Elevator to the Gallows (Ascenseur pour l'échafaud)
Elevator to the Gallows (Ascenseur pour l'échafaud) Made in: France Language: French Director: Louis Malle Starring: Jeanne Moreau, Maurice Ronet, Yori Bertin, Georges Poujouly, Jean Wall Year: 1958
Synopsis: Former paratrooper and hardened veteran Julien Tavernier (Maurice Ronet), is a sharp businessman who's having a passionate affair with Florence Carala (Jeanne Moreau). Tavernier comes up with an elaborate scheme to kill Carala's husband, Simon (Jean Wall), who also happens to be Tavernier's boss.
But a simple plan goes horribly awry when Julien gets trapped in an elevator that unexpectedly shuts down. This sets off another sequence of events involving a stupid young punk named Louis (Georges Poujouly), and his girlfriend Véronique (Yori Bertin), as they embark on an adventure full of misunderstandings, murder, and irony.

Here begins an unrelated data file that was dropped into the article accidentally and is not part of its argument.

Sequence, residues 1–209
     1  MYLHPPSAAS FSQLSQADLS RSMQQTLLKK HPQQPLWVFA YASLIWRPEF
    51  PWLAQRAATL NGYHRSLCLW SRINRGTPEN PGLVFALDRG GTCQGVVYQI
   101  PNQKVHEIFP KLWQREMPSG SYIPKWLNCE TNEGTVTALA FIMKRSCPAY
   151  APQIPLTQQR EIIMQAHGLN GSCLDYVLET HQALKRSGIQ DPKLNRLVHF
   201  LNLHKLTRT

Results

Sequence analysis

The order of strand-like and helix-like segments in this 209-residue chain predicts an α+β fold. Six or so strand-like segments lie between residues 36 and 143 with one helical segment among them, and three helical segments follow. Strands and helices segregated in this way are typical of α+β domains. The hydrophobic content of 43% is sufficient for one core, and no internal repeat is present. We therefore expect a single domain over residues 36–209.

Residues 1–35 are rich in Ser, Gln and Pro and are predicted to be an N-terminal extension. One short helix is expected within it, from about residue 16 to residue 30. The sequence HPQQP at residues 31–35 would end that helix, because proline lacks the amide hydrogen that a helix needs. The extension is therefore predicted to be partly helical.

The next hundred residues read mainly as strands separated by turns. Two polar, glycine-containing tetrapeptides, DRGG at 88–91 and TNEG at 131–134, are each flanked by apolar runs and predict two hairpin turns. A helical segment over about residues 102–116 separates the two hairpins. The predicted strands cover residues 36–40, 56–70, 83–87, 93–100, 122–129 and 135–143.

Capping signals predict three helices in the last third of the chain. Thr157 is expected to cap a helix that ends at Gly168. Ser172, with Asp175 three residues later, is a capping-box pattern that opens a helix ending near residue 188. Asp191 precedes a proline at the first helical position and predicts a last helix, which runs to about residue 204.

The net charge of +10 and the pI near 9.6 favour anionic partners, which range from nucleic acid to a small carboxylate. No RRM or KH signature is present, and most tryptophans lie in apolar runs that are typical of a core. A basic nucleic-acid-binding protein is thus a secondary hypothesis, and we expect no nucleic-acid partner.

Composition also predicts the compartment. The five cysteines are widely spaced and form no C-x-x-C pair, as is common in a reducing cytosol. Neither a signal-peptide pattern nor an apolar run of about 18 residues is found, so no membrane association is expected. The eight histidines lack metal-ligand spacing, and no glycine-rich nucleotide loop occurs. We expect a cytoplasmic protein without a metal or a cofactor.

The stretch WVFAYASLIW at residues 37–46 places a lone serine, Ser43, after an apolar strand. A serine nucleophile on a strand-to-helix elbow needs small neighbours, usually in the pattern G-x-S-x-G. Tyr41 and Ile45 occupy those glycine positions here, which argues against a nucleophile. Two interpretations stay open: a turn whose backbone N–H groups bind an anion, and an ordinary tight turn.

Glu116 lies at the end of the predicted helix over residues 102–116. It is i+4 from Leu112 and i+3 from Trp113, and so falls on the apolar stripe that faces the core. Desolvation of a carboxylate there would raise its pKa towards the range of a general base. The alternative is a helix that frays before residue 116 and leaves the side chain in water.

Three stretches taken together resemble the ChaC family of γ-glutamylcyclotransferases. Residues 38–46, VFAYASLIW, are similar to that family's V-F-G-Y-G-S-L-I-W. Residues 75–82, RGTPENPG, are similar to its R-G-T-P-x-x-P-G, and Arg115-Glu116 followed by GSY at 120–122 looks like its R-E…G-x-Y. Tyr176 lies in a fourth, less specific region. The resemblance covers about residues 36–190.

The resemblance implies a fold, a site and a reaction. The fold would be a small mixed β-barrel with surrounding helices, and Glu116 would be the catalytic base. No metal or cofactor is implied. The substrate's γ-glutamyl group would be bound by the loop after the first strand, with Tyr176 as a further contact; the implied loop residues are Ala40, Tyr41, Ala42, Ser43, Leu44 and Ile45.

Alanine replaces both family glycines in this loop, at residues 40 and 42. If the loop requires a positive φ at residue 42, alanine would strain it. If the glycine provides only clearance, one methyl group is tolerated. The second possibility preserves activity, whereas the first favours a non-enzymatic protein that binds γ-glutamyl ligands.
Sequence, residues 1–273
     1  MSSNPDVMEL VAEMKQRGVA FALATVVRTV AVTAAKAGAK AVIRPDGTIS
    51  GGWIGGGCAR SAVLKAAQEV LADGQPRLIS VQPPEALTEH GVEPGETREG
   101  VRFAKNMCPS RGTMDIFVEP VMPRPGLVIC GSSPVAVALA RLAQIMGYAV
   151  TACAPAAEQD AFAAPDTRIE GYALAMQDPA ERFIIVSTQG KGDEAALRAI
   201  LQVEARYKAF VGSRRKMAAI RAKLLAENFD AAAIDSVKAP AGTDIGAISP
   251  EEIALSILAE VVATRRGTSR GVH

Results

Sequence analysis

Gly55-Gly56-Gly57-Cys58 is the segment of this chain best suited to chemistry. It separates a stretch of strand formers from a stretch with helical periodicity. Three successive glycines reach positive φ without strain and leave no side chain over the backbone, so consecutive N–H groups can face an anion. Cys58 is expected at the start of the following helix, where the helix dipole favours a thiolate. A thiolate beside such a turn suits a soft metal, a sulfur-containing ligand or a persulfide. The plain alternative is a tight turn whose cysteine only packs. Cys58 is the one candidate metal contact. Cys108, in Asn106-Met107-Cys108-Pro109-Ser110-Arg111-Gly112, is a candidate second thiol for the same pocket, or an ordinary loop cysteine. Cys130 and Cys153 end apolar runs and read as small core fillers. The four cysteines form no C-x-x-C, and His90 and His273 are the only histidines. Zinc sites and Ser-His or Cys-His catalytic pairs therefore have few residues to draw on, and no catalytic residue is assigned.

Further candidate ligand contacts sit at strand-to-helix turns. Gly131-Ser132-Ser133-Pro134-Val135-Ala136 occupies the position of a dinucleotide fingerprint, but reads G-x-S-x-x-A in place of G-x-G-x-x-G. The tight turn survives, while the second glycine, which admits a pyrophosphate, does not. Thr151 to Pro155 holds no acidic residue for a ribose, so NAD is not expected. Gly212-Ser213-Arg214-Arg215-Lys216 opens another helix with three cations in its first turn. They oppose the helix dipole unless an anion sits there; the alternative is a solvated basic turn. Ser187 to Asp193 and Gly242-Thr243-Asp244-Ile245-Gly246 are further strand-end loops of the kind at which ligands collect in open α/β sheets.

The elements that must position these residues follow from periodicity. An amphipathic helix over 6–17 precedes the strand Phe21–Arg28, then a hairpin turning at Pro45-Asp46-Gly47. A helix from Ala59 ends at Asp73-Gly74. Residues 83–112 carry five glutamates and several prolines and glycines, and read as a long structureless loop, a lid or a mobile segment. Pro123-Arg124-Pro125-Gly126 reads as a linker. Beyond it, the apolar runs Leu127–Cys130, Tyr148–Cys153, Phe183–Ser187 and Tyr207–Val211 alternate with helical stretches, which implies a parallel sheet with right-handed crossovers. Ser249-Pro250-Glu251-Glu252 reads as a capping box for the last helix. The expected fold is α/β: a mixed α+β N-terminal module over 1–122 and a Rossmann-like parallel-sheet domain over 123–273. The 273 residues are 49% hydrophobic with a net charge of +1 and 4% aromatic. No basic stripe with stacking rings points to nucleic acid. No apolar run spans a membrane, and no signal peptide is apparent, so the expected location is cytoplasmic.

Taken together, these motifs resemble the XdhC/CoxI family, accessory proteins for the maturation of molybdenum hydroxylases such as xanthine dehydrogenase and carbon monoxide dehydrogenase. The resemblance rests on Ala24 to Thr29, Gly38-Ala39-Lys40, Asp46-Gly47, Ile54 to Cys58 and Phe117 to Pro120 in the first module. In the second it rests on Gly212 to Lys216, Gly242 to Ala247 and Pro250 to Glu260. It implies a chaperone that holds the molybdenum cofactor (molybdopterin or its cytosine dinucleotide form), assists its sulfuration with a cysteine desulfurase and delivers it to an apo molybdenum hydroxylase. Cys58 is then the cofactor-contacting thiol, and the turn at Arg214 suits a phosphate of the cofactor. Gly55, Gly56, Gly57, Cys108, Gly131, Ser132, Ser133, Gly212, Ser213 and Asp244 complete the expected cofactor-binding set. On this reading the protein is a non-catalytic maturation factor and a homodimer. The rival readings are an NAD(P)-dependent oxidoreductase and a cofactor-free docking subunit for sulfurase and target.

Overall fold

The Good: Set against a cool music score by jazz legend Miles Davis, This is a film noir-styled thriller with an interesting storyline. The twists are intriguing and having been made in 1958, the look of the time period itself works as point of interest while being viewed in the 21st Century.
Director Louis Malle frames plenty of great-looking shots, and the use of the now-classic Mercedes 300L (with gull-wing doors) provides a sense of coolness that can only be appreciated in our modern age.
At just over 90 minutes, the film is at just the right length. The editing is masterful, and the movie utilizes an effective sense of subtlety that we don't see too much of anymore.
The Bad: A few of the things that happen look embarrassingly dated, and aren't believable.
Who would like this movie: Elevator to the Gallows is for you if you like foreign films. But I'd also recommend this one to fans of film noir and classic Hollywood cinema in general. And again, Miles Davis' score does a lot to make the film memorable.